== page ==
2015 Innovators Awards
Pairing E-Portfolios With Badges To Document Informal Learning
In order to support the recognition of co-curricular and integrative learning, the University of Notre Dame came up with a campuswide strategy to integrate digital badges in students' e-portfolios.
Category: Student Systems and Services
Institution: University of Notre Dame
Project: E-Portfolios With Evidence-Based Badges
Project lead: G. Alex Ambrose, associate professor of the practice and associate director of e-portfolio assessment
Tech vendors/partners: Credly, Digication
Notre Dame students can use digital badges to document informal learning in their e-portfolios.
E-portfolios have always offered an avenue to showcase informal learning, but at the University of Notre Dame's Kaneb Center for Teaching and Learning, digital learning designers realized that the maximum potential of e-portfolios on their campus was not being met. Most students were not taking full advantage of e-portfolios to document the integration of formal and informal learning.
The key, Kaneb's learning scientists determined, was to promote the inclusion of digital badges in the e-portfolio. "If we are going to harness the full power and promise of e-portfolios beyond a single course assignment and show employers what students know and can do, then we need the digital badge to communicate specific competencies with evidence and motivate students to make their learning and skills visible," said G. Alex Ambrose, associate director of e-portfolio assessment at the university. Ambrose and his team came up with a campuswide strategy to develop a technology integration for the university's digital badge and e-portfolio systems.
Project lead G. Alex Ambrose
The integration came about in three project phases. The first phase, said Ambrose, was in effect a do-it-yourself effort in which the project team coordinated between Notre Dame's Digication e-portfolio system and other campus-based systems. Students who wished to earn badges were asked to submit evidence to Digication's backend Assessment Management System, so that evidence claims for badges could be collected, scored and stored. After the evidence was evaluated and badges could be awarded, the team sent badge earners a picture file to display on their e-portfolio, along with a verification link that connected back to Notre Dame's badge directory.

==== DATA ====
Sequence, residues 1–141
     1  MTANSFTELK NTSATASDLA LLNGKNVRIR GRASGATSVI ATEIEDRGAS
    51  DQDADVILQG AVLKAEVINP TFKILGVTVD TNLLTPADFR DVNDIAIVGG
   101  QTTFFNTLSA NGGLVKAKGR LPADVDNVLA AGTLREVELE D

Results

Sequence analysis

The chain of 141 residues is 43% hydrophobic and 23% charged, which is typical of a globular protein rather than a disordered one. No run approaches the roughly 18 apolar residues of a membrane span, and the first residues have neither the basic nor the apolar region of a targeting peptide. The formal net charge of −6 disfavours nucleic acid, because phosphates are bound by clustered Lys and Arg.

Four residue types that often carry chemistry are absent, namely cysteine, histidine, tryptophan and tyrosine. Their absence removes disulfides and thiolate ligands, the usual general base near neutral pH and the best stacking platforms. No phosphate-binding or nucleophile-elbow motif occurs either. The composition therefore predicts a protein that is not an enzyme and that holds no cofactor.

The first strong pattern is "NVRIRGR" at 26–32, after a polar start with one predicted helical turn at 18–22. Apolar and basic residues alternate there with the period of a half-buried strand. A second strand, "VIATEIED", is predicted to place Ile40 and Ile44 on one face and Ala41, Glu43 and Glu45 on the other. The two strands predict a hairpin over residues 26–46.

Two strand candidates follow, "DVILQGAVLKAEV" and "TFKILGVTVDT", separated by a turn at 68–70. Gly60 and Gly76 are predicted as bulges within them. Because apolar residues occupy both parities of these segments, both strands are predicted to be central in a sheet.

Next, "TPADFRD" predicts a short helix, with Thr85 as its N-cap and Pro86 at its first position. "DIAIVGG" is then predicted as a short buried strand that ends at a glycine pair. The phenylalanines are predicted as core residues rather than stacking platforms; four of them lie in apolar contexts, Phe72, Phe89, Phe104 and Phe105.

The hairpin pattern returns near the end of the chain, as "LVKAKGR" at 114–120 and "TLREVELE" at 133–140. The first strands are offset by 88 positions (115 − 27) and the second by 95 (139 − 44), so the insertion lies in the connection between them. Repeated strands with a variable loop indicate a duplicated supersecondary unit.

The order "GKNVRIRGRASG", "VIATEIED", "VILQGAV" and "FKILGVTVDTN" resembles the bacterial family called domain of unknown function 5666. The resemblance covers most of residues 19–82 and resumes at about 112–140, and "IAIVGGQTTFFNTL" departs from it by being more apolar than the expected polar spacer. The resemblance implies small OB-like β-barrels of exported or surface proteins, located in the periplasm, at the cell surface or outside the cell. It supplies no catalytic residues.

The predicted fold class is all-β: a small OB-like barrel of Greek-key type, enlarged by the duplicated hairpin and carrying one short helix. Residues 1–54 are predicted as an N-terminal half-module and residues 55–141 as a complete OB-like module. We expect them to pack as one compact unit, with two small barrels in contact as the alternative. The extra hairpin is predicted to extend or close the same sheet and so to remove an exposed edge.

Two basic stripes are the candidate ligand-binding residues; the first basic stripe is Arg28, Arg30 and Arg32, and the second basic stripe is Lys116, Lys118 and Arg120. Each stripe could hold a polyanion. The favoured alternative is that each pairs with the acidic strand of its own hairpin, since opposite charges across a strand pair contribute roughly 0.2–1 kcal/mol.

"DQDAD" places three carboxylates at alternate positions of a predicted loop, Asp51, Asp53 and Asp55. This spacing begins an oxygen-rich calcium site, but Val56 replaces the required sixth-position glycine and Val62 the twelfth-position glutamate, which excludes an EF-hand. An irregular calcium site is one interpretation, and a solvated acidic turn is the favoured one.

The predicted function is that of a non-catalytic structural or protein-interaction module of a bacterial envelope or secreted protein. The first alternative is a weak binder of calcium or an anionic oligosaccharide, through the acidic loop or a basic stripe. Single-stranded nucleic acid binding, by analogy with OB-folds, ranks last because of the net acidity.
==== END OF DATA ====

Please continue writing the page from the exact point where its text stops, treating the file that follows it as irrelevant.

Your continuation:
As the project grew to the next phase, the team explored faster and easier — and free — ways to issue, claim and verify badges. Ambrose and his colleagues set up free accounts on digital badge service Credly, so students could have easier access to the next wave of badges.
The third and present phase moved the project from DIY "hack" to a true API integration. Notre Dame partnered with Credly and Digication to create a tighter integration that links student account profiles and provides a simple way to embed Credly digital badges into a Digication e-portfolio content module. That integration has fueled change in the e-portfolio community overall as the need to integrate digital badge and e-portfolio technologies gains attention, Ambrose explained.
The team is now beginning to explore what hyperlinks to e-portfolios and digital badges might look like on an official transcript. Ambrose emphasized that a strong evidence-based assessment culture and platform are essential to creating the space for innovation in designing, developing, delivering, evaluating, issuing and tracking digital badges. One of the greatest impacts of this initiative, added Ambrose, is the model it offers other campuses and institutions for collaborating with vendors to adjust technology to the education sector, rather than the other way around.
Going forward, the Kaneb center team plans to experiment with the role digital badges can play in incentivizing MOOC completion and operationalizing the Degree Qualification Profile (DQP) competency model (developed and incorporated by the Association of American Colleges & Universities and the wider education community). Also, the team has started text mining and social network analysis to determine whether useful learning analytics can be uncovered from informal learning data. Ambrose hopes that these data mining efforts could ultimately lead to learning analytics and dashboards that show student pathways and provide a holistic view of their progress toward specific outcomes.
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Meg Lloyd is a Northern California-based freelance writer.